I have had no issues with AMD drivers, this level of quality has been the case from generation to generation.



Personally, I'm one of those crazy sticklers who think that newer hardware should outperform older hardware out of the box. I do not think that the poor souls who ran out and upgraded their 5000 series to the 6000 expecting to see a performance upgrade should have waited until AMD got around to releasing drivers that would actually allow the newer card to perform "pretty even" to the old card. The simple fact that, at release, the 6870 was on par with the older, lower version 5850 and that it took (an eventual) driver update to bring it up to "pretty even" with the 5870 is a sham.

Uhm the 6870 was not the 5870 replacement...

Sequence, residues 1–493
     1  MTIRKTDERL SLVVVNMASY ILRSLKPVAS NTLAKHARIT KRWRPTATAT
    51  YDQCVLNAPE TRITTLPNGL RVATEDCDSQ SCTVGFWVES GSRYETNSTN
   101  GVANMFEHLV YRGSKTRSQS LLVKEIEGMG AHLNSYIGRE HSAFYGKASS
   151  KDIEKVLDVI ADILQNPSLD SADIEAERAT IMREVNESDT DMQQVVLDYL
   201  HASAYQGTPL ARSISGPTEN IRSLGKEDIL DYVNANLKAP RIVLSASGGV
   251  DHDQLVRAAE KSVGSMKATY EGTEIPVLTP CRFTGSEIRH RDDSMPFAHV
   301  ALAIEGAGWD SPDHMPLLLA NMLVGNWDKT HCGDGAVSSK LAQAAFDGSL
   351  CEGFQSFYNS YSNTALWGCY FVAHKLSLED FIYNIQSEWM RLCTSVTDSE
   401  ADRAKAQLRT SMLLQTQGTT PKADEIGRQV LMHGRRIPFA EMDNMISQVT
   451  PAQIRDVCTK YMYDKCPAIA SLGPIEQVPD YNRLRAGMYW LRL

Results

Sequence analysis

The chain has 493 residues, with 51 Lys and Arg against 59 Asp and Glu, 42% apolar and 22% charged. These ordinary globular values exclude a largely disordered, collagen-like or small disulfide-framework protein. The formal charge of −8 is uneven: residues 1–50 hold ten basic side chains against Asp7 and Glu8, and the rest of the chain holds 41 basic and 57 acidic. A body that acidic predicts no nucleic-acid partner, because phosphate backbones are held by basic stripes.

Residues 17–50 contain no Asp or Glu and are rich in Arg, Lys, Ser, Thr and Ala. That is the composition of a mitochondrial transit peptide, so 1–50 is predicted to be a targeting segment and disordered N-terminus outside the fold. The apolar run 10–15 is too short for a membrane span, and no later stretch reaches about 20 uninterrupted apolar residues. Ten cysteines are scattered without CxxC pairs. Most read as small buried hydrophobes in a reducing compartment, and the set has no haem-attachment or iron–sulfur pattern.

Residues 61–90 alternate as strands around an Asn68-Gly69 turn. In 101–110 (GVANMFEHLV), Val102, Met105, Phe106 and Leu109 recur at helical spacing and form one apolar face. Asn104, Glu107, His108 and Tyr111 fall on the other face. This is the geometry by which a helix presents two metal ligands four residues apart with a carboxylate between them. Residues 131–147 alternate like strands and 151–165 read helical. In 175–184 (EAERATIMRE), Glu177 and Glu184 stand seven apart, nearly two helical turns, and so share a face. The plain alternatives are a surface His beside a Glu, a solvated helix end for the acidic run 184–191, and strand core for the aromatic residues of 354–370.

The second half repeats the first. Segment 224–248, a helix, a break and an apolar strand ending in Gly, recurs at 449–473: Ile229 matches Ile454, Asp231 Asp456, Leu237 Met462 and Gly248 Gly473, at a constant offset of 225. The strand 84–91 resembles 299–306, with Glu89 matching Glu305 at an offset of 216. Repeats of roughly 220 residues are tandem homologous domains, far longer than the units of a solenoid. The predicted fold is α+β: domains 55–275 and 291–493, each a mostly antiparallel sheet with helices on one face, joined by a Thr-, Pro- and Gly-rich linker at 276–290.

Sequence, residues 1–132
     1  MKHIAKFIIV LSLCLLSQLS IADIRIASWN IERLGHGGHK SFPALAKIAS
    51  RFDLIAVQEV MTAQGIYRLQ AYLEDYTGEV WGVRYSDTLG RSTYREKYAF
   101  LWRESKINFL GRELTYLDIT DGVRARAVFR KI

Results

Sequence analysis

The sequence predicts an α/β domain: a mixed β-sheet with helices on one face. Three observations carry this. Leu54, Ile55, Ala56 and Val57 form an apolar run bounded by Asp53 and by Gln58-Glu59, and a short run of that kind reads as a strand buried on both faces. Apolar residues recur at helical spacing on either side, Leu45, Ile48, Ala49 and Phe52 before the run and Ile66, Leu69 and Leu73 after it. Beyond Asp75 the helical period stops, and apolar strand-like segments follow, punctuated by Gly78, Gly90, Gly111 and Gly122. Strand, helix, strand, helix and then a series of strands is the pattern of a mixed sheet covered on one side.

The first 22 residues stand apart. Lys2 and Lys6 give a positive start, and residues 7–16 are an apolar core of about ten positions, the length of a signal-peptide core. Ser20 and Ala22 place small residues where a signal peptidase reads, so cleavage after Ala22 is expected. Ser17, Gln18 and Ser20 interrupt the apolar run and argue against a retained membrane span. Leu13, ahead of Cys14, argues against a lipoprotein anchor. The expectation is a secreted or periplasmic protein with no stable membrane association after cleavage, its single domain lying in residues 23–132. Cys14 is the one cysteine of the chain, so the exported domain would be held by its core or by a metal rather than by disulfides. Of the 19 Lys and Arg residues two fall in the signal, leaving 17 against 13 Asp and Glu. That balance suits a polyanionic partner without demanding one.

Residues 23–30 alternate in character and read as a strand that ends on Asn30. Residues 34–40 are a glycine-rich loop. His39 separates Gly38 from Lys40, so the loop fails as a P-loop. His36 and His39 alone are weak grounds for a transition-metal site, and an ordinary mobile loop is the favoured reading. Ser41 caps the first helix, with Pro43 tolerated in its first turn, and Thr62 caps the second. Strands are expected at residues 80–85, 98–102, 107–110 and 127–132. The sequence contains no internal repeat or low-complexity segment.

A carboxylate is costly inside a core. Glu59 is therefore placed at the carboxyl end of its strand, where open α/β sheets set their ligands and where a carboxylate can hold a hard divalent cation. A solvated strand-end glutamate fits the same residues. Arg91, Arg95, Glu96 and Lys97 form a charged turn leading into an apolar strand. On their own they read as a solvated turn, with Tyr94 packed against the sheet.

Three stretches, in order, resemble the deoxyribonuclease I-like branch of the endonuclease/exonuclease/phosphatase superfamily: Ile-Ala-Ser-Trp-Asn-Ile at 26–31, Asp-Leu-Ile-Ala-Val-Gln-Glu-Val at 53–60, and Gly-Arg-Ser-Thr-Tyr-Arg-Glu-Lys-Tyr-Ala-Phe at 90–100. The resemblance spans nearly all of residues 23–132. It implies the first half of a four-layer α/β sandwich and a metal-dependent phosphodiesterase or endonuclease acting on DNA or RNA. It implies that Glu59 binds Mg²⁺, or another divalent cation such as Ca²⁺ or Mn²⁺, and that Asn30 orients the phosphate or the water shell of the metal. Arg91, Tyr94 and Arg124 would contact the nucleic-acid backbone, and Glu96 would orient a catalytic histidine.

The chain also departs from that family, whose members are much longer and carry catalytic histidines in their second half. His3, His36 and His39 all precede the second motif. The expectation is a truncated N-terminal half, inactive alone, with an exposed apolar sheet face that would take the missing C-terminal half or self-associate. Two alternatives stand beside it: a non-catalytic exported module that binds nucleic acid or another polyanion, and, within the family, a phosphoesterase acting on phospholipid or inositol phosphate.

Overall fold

The fact that driver updates got it matcfhing or exceeding its previous higher end cousin is actually fantastic.
When Barts was released every review was open about what the numbers meant.
AMD probably included that information in the review guide.
As for the couple of fools that bought it to replace a higher perfromance card?
Well those types of fools exist all the time and they get tricked by Nvidia and AMD.
Although with the info AMD was putting out there Its hard to feel as if those customers were tricked. Rather its just that they didnt do their homework.

Mildly condescending, though not well informed. I suppose this forum has trolls too. (For the record, don't let the "noobie" moniker fool you; I'm new to this forum, not the genre. I assembled my first PC in 1992 while you were probably still working on walking. )

I wasn't the only one who made this observation. From tomshardware's Barts series review in October 2010:
You respond about that to me even though I made one comment about the performance of Barts post Driver updates. Yet strangely you ignore the post above me that actually countered youre earlier post..